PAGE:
0

I am currently working on getting my organization known, and came up with ideas for services that no one else offers right now (please don't ask for very specific details, I don't really want to give them away yet). I was wondering if there was a way to patent a service (since it is a process)?

The service I am focusing on is where you send in your device, we do things to it, and we send it back, but it's the things we do to it that we want to patent (and the things I'm not going to put here). Is this possible? And if so, is there anything special I must do to make it work and what would the cost estimate be?

Thanks!

  • Please consider that if the service is always to be done in-house and it isn't observable what you are doing, you could consider keeping it a trade secret. Trade secrets have legal standing. Try searching on Wikipedia to learn more. – Eric Shain Dec 13 '16 at 22:12
0

Can we patent a process?

Definitely.

35 USC 101 provides (emphasis added):

Whoever invents or discovers any new and useful process, machine, manufacture, or composition of matter, or any new and useful improvement thereof, may obtain a patent therefor, subject to the conditions and requirements of this title.

Is the service you describe a patent eligible process?

Not every process can be patented however. In particular, it must not be "abstract". There is no hard rule for what is abstract. However, methods for financial trading (for example) are typically not allowed.

Because you can't share precisely what you're doing, it's impossible to give you a firm answer. However, since you seem to be doing something to a physical device, then your process is probably not abstract, and so would probably be fine.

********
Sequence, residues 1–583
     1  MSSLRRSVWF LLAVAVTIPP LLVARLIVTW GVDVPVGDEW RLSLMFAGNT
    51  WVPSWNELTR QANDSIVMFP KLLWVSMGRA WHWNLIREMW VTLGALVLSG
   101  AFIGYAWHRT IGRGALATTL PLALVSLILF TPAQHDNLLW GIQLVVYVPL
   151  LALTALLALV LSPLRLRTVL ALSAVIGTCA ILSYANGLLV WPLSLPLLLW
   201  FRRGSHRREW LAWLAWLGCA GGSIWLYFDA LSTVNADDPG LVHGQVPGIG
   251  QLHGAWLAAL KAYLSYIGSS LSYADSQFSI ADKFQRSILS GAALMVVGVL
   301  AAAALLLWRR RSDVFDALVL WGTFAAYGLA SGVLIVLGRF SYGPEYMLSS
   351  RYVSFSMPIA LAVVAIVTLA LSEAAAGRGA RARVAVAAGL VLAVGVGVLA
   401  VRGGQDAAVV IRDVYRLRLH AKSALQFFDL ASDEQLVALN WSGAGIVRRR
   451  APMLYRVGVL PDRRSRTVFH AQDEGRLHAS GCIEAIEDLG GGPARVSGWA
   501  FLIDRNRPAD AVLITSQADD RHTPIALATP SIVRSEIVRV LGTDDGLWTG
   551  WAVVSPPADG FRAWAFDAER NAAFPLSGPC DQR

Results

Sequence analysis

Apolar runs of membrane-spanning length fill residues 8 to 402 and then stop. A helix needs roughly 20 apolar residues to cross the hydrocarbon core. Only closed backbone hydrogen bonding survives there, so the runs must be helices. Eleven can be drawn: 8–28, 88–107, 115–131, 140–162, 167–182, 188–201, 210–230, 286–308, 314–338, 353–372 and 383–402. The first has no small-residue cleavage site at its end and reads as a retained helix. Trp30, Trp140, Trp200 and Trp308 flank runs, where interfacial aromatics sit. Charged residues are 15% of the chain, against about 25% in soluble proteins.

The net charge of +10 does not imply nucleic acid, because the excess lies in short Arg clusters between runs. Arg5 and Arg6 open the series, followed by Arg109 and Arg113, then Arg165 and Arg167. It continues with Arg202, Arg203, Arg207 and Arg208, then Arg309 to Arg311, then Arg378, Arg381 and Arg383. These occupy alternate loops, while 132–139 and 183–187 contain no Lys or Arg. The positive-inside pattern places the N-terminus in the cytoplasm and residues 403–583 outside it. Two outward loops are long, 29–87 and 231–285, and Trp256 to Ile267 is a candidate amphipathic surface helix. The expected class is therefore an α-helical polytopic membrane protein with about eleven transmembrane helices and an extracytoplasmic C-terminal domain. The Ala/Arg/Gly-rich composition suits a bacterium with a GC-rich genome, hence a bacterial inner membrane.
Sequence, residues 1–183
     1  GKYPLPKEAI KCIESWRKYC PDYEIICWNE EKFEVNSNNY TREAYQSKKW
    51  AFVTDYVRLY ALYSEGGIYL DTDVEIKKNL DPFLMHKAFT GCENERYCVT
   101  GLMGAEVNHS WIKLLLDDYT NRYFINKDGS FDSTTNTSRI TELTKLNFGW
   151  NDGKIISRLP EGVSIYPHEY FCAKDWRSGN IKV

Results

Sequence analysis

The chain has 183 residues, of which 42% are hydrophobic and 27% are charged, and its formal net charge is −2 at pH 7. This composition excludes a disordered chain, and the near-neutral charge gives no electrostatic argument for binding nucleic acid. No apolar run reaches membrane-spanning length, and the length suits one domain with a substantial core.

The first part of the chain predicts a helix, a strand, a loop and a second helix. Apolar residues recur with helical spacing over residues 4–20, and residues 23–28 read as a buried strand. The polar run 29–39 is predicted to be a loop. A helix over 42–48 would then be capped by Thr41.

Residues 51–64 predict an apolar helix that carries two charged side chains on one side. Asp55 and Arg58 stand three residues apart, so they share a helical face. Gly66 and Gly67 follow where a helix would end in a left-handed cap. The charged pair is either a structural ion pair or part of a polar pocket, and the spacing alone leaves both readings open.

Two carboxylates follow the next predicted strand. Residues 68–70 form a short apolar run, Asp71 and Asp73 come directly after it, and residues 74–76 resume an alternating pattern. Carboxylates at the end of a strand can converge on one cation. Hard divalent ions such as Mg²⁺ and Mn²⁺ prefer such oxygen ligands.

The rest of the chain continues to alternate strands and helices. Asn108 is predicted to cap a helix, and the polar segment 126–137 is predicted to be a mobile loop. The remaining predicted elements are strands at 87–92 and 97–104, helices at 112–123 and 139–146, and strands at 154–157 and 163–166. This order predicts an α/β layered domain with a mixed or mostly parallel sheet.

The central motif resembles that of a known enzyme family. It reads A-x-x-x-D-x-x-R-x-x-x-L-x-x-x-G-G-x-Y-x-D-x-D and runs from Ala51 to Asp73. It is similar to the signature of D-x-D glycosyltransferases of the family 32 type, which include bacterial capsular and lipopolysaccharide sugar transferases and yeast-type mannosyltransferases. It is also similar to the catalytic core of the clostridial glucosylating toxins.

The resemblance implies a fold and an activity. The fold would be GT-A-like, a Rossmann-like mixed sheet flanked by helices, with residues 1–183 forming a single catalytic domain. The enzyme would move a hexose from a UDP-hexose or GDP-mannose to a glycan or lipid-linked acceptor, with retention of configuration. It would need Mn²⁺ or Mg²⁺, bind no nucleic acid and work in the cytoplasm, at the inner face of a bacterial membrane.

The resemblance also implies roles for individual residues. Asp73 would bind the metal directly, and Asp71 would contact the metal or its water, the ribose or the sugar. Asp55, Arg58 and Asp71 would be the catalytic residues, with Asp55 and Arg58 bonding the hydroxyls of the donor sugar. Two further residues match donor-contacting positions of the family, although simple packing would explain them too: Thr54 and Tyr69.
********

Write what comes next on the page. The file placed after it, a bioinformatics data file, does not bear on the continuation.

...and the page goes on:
Costs

It's impossible to give you an answer here, since it depends on the nature of your invention and who your attorney is. It wouldn't be less than about USD 5000 for the patent application preparation and prosecution though, I would think.

What should you do

Go talk to a patent attorney. You will be able to disclose all the details of your invention to them, and they can give you a more accurate opinion of its patentability, along with a cost estimate.

  • Wow! Thanks a lot! This is very helpful info to my organization (I'm a first time business owner, so I don't know a whole lot about everything yet). – ComputerGuy Dec 10 '16 at 4:44

Your Answer

By clicking “Post Your Answer”, you agree to our terms of service, privacy policy and cookie policy

Not the answer you're looking for? Browse other questions tagged or ask your own question.